3. Improved Resource Tracking and Better Space Management. Building space is often underutilized. IWMS enables companies to optimize space more efficiently by providing a reservation system to eliminate inefficiencies associated with conflicts in common-use space and improve worker productivity. Newer IWMS features allow companies to detect previously unrecognized usage patterns to better predict the needs for space and amenities (rooms, whiteboards, etc.). These insights, when shared with building maintenance and office managers, can result in further improvements. Check out this recent webcast on space management and utilization.
4. A More Proactive Service Model. Promoting a better occupancy experience is vital in today’s hotly competitive market. IWMS analytics and IoT allows managers to utilize data more intelligently for more proactive facilities management. For example, sensing repetitive conference room usage allows management to proactively pre-cool a room susceptible to over-heating. As another example, security systems can be monitored to identify any potential risks. To learn more about how to gain insight into your data using TRIRIGA, watch the on-demand webinar.
5. Better Energy Usage. Optimizing the environmental controls of plants, facilities, and office buildings is a distinct advantage of smart buildings. IWMS connects with environmental controls to provide a more granular views natural resources and energy use. In this instance, the Aberdeen data also shows that Best-in-Class facilities management practices lower energy costs by an average of 10%. In 2016, IBM made significant strides in reducing its energy use and carbon emissions through a series of energy conservation projects that delivered annual savings equal to 5.3% of its total energy usage, resulting in millions of dollars savings. Discover how TRIRIGA helps IBM cut energy costs by 5% worldwide, saving millions.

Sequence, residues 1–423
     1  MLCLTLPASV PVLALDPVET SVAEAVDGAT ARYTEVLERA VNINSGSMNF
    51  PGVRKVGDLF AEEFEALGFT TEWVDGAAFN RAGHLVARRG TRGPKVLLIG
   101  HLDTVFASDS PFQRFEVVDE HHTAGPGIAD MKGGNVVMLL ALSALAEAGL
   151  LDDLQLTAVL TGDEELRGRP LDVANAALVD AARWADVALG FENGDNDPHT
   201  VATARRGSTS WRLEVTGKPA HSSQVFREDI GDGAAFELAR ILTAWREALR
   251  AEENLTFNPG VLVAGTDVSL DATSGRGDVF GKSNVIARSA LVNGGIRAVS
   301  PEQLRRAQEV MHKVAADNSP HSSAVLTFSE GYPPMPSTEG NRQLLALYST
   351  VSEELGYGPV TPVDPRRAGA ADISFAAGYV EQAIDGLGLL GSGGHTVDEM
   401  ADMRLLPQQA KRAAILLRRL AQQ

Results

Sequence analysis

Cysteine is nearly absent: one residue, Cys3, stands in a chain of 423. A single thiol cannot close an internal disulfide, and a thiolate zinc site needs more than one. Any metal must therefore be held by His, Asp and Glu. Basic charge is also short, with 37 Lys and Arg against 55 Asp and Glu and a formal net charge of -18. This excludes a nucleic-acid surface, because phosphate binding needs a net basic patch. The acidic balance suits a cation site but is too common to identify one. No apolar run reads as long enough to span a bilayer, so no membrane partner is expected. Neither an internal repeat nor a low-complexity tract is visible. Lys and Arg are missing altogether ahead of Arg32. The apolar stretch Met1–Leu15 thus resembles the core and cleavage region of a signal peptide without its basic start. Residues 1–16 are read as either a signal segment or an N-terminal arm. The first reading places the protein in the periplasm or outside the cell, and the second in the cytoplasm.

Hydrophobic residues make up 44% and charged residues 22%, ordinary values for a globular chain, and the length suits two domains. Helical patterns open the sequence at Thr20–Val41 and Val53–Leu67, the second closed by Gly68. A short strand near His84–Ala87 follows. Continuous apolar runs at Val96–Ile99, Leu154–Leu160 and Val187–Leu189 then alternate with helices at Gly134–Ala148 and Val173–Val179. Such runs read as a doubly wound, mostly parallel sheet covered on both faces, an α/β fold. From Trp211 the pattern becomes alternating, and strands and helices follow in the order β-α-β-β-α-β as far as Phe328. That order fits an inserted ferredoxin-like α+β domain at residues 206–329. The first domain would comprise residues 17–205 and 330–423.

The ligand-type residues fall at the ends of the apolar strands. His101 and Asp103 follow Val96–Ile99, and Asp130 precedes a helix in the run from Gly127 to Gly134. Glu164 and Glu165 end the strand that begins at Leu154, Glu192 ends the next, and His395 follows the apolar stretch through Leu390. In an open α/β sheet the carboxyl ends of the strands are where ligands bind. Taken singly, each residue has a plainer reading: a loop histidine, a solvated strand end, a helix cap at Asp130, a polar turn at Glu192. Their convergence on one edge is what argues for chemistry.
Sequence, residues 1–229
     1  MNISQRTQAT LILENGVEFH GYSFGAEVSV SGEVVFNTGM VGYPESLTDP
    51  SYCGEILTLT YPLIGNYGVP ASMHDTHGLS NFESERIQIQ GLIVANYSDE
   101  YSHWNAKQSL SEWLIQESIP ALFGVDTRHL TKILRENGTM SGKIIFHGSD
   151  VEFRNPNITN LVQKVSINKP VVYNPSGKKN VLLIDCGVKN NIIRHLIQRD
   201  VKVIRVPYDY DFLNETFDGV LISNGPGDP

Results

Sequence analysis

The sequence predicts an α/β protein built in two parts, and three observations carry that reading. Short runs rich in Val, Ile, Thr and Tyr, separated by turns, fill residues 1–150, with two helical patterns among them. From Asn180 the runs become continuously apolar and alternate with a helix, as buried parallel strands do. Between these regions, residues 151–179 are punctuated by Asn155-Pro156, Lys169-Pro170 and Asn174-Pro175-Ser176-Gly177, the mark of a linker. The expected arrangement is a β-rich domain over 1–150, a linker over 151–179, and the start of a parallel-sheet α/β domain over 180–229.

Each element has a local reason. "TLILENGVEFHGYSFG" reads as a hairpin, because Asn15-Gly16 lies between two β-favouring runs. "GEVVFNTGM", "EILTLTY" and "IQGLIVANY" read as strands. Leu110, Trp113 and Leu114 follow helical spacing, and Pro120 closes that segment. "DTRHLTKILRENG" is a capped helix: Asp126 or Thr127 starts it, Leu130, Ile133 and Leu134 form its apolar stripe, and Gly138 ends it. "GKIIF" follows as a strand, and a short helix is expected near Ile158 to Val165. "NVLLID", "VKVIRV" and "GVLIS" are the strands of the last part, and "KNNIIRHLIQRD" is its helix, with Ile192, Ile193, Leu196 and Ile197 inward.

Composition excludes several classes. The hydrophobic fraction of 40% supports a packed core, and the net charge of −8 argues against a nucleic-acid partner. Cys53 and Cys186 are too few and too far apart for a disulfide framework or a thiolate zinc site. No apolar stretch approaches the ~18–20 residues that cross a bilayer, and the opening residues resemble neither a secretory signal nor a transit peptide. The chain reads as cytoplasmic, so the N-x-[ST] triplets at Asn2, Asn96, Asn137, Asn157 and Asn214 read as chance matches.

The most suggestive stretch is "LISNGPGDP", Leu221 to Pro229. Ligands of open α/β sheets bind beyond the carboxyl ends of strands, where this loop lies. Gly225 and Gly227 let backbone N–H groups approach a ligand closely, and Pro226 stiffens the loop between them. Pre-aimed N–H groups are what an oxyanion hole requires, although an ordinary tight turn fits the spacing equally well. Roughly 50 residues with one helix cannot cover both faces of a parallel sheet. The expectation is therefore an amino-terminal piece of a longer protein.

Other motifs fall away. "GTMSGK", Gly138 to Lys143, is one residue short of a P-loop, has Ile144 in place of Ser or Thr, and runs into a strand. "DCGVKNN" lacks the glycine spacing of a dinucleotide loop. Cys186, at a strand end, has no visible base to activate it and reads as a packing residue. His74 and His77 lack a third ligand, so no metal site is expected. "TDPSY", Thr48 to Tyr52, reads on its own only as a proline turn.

Strive to create Best-in-Class buildings with IWMS, IoT, and Analytics
Managers and executives are combining IWMS, IoT, and analytics with sensors and equipment to optimize facilities management operations. Together, IBM TRIRIGA and Watson IoT provide organizations with an IWMS solution fortified with a robust partner ecosystem, analytical integrations, connectors, and APIs.
Aberdeen Group’s Best-in-Class findings represent the performance results all service leaders should strive to achieve. And although Best-in-Class organizations are implementing smart buildings for a variety of reasons, these three drivers emerged as top priorities:
- Increased insight into facility performance (45% cited)
- Development of new services tied to facility usage and performance (42% cited)
- Improved resource tracking, such as space management (40% cited)
Discover how to make the most of your space
IBM TRIRIGA can help your organization meet the new lease accounting standards from FASB and IASB. To learn more, watch the webcast: Automating Compliance to Lease Accounting Changes with IBM IoT.
To learn more,download a copy of the full report: Smart Buildings: IoT & Analytics Advance Facilities Management Operations, or, watch the video.
To get an in-depth view into how Watson IoT, analytics, and TRIRIGA can come together to optimize buildings, improve utilization, cut costs, and increase employee productivity, check out the on-demand webinar, Using IoT to Understand Space Utilization.